Homeschooling is quickly becoming a viable alternative for many military families. Additionally, homeschooling is becoming more ‘mainstream’ in the civilian world, adding to its viability as an option for military families. Military families move an average of once every 2 to 3 years, often in the middle of a school year, and that instability is what compels many military families to opt for schooling their children at home.
Take a walk down the aisles at either your local library or your local bookstore and the section on education and homeschooling can be a bit overwhelming. So where do you begin? Here are some suggestions and resources to help get you started.
First, you need to consider why it is your family is choosing to homeschool. When we made our decision to start homeschooling, the first thing I did (because I am a big list maker/writer-downer/journaler) is to write out not only my reasons WHY we were choosing to homeschool as well as a few goals. Our list of goals is actually quite fluid, changing not only from year to year, but also subject to subject and even unit to unit. You’ll find that your goals will actually help you choose what path to take with regard to curricula.
In addition to your reasons and goals for homeschooling, you need to look into your state and local homeschooling requirements. Some states regulate homeschooling more stringently than others. The Homeschooling Legal Defense Association (www.hslda.org) is a wonderful resource for this information. You do not need to become a member of HSLDA – though I would recommend it – in order to access this information on their website. You can also look up your state’s department of education and search for homeschooling laws and policies. Following the state’s guidelines for homeschooling is very important and should be one of your first steps.
Now it’s time to look at curriculum. Once I had a good idea of our goals, I sat down and really thought about the ways in which my children learn best. I have one child that absolutely loves to read and often times needs to be reminded to pull her nose out of whatever book it is that she is buried in to join the rest of the world. Because of that, I knew that whatever curricula we chose should rely heavily on literature and give her ample opportunities to read as part of her learning. My other child is much more of a kinesthetic learner, preferring to “do it” as opposed to simply reading about it. Therefore the curricula we chose for him needed to have plenty of hands-on learning.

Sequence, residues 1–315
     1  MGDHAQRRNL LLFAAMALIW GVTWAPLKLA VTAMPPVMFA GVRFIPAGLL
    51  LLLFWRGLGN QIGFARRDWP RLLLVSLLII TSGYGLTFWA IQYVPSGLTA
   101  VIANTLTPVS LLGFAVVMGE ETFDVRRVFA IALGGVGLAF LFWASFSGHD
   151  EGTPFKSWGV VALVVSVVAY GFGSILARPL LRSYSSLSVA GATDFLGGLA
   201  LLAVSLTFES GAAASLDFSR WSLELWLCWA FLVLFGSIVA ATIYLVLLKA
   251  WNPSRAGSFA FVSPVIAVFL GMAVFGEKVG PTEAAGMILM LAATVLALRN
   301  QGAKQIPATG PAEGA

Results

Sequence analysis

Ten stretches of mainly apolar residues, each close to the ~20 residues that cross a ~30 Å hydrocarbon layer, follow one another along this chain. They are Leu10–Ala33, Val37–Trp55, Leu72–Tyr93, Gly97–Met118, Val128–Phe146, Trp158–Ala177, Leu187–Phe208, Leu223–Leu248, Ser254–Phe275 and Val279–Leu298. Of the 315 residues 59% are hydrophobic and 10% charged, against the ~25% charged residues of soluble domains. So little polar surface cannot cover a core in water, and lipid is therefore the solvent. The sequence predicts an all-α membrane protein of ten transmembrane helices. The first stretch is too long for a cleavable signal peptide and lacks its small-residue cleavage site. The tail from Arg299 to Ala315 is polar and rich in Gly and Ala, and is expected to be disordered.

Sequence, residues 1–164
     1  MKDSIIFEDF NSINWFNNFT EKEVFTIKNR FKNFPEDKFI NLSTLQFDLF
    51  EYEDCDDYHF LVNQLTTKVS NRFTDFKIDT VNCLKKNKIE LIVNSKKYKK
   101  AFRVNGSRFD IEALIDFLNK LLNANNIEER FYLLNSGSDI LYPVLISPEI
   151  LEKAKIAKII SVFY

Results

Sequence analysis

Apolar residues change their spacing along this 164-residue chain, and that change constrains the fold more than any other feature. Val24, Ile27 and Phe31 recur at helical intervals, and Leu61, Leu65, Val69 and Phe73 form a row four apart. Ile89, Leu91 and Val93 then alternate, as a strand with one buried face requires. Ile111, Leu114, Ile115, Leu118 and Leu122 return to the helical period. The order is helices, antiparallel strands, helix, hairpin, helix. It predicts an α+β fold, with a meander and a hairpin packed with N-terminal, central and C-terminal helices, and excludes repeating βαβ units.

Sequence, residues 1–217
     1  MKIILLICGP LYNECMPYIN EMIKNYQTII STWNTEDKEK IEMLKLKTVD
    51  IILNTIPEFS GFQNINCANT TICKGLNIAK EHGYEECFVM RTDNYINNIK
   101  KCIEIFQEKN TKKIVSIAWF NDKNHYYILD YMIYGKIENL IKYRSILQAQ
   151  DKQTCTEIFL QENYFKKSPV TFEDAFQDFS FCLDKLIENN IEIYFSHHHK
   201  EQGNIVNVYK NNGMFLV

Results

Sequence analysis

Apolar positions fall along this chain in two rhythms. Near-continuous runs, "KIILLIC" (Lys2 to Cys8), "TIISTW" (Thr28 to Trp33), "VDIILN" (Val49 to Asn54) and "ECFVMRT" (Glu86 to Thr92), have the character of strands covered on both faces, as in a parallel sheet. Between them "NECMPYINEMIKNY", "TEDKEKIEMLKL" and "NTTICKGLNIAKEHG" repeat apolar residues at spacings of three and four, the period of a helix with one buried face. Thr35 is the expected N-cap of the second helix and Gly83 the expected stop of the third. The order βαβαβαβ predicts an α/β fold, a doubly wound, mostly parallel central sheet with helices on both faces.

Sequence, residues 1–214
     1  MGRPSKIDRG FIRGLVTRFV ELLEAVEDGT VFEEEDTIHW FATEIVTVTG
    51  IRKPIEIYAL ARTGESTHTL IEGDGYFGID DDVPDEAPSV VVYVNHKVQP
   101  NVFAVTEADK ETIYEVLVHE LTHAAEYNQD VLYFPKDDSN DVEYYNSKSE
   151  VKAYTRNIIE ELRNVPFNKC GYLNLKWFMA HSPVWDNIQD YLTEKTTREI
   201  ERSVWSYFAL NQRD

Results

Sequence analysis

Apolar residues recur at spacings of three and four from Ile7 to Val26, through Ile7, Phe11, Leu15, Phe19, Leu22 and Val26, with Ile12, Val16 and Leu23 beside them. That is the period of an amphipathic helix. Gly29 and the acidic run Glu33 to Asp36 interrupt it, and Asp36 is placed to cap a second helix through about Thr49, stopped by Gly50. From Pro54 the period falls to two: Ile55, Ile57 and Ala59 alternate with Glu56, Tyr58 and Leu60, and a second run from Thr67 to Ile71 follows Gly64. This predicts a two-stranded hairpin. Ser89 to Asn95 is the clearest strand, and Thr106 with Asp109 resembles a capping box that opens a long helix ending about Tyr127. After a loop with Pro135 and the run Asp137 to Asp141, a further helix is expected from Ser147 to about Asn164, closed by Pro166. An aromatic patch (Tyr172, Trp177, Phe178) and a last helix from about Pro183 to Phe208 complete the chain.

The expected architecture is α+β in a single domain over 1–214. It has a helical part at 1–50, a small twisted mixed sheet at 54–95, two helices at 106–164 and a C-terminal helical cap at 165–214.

From there, I started researching curriculum. I researched not only by reading books about curricula but also by talking to other homeschooling parents and asking them what worked for them and why it worked. This part of the process can be incredibly overwhelming as there are literally hundreds of choices for each subject. Do not let yourself become overwhelmed! Remember this is a marathon, not a sprint race. Do your best to find what works for your child(ren) but also give yourself the leeway to change curriculum if need be. Case in point: we started off with what I thought would be a fantastic language curriculum only to get about halfway through the year and then realize that it was horribly dry and boring. So we switched! I purchased the curriculum used and was able to sell it for about what I paid for it so I really wasn’t out much money and we found something that worked much better for us.
Your local library should have books on homeschooling as do most mainstream bookstores; and there is always the internet. My top recommendations for resources are the following:
1. The Well-Trained Mind by Susan Wise Baue
2. 101 Top Picks for Homeschool Curriculum by Cathy Duffy
3. The Read-Aloud Handbook: Sixth Edition by Jim Trelease
There are hundreds and hundreds of methods and curriculum options out there. Some people prefer to go with an all-encompassing curriculum choice, such as Sonlight or Abeka. Some people prefer to piece things together, choosing different publishers for language, math, history, science, etc. And some people eschew the idea of structured school all together and, instead, opt for a more relaxed approach to education and learning via the ‘unschooling’ route. Every family is different. Every circumstance is different. The key is knowing both your children’s learning styles and what your goals are for them. Remember, this is a marathon, not a sprint!
Image Credit: Abandoned Art School 66 by xshamethestrongx, on Flickr